In a preferred embodiment, the hollow metal elements, disposed side by side, are identical and have an angle at the apex equal to 60, the face of the hollow metal element opposite to the angle of the apex being curved, preferably in the arc of a circle.

Thus a tubular central zone can be formed by disposing side by side six of such hollow metal elements.

Preferably, the hollow metal elements are wound in a helix with an angle of winding of preferably about 25.

In order to illustrate the invention, examples of the invention will be described with reference to the appended drawings in which:

FIG. 1 represents in perspective a section of a hollow metal element useful in accordance with the invention.

FIG. 2 represents a perspective of view of the composite flexible tube in accordance with the invention.

In FIG. 1, the hollow metal element 1 can be made of, for example, aluminum and has a transverse section which is triangular.

The angle "alpha" of the apex is of about 60, defined by two faces 2, 3; the face 4 of the hollow metal element opposite to the angle alpha is curved in the arc of a circle. Each of the faces 2 and 3 carries a folded (turned down) edge 5 at the apex angle, the two edges being applied one to the other.

The hollow metal element 1 can be produced in great length by simply folding up a metallic band, without soldering, in a manner to realize the structure represented in FIG. 1.

In FIG. 2, a flexible composite tube is presented in which the internal tubular central part is formed by juxtaposing six identical hollow metal elements, such as represented in FIG. 1. These six hollow metal elements are disposed in such a manner that the lines of intersection of the apex of each extends along the longitudinal axis of the tube.

As can be seen in FIG. 2, the hollow metal element 1 is wound in a helix in the longitudinal direction of the tube. The external faces 4 of the hollow metal tubes 1 are curved in the arc of a circle, whereby the central part of the tube has a continuous external surface which appears to be cylindrical.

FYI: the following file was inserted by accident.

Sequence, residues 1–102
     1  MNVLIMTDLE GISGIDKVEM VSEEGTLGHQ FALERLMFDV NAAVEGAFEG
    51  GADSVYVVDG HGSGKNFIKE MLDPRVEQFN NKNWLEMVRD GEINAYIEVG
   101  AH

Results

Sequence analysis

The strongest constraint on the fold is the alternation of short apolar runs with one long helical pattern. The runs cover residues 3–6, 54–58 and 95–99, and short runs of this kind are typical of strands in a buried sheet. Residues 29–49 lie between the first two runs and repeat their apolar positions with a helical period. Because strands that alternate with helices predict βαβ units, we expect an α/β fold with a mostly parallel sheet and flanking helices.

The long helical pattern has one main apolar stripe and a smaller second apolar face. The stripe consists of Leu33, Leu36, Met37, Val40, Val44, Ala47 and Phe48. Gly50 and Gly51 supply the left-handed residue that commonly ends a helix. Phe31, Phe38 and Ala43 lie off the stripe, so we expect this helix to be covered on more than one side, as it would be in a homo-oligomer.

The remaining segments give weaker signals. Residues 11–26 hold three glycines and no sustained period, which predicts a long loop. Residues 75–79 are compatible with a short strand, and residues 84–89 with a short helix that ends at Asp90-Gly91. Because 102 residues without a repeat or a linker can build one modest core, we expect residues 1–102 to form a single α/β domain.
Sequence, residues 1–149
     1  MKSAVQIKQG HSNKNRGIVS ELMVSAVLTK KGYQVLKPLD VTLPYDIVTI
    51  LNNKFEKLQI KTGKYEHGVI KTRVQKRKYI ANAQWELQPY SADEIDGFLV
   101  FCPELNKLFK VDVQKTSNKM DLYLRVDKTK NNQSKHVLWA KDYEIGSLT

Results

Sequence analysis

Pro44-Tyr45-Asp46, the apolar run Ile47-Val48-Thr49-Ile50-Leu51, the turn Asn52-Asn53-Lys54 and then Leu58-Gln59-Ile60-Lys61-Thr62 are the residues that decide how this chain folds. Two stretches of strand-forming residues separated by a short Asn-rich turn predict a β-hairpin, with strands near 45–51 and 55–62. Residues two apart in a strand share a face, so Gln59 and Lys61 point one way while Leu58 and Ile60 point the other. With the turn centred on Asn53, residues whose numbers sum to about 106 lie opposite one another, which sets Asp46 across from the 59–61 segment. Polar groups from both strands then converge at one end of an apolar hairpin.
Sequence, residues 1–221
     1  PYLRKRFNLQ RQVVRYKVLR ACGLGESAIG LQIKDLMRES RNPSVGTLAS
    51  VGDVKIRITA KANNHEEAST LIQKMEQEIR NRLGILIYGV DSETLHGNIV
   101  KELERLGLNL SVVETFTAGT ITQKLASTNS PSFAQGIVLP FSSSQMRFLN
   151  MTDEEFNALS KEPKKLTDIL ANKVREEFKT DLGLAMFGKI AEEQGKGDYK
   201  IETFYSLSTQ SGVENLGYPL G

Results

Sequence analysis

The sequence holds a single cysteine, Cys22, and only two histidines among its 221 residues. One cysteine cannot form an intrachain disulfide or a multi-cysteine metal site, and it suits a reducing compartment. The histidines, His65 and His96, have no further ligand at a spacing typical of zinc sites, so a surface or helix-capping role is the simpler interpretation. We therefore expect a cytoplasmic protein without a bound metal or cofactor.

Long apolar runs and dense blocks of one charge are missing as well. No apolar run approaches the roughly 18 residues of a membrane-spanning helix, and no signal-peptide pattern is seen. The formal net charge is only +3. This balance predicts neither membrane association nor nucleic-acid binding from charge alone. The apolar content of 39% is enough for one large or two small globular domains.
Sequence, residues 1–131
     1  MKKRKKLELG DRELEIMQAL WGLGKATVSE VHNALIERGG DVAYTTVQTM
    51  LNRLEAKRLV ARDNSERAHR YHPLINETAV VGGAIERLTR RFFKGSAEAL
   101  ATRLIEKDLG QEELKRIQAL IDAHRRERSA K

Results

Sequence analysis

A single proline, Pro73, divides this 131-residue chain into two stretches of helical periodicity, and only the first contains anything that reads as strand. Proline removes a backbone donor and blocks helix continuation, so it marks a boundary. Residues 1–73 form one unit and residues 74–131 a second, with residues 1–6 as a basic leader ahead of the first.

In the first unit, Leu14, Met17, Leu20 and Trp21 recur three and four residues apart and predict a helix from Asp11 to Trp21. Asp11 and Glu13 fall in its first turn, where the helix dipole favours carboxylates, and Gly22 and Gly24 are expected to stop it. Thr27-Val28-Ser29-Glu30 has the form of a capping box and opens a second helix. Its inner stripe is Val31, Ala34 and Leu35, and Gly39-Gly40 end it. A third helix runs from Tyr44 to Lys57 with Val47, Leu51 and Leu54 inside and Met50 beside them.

As can be seen from examination of FIG. 2, the structure thus realized forms six alveoli 6, having seemingly triangular transverse section which can contain a great number of lines, for example, for fluid and electrical transport, according to the uses envisaged for the tube.

Because of the fact that the hollow metal elements, which are disposed in a certain array at the line of intersection of the apexes at edges 5 are not soldered to each other, faces 2 and 3 can adapt themselves to form a framework which provides an important resistance to forces in the radial direction.

It is thus not necessary to provide a skeleton which itself resists crushing or forces in the radial direction.

The tube represented in FIG. 2 is completed by two sheets 7 and 8 of metallic threads, each of which are wound in a helix to confer good resistance to axial traction to compensate for the induced torsional forces, and a watertight external tubular sheet 9 made, for example, of polyamides such as those sold under the commercial name of Rilsan.

The invention has been described in accordance with a preferred embodiment, and it is thus evident that it is not limited in any way by the foregoing description and is meant to embrace numerous modifications, notably of form and materials, without departing from the spirit of the invention.

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U.S. Classification138/111, 138/130, 138/139, 174/95, 174/47
International ClassificationF16L11/16, F16L11/14, F16L11/22, H01B7/04, E21B17/20
Cooperative ClassificationE21B17/203, F16L11/22, H01B7/04
European ClassificationF16L11/22, H01B7/04, E21B17/20B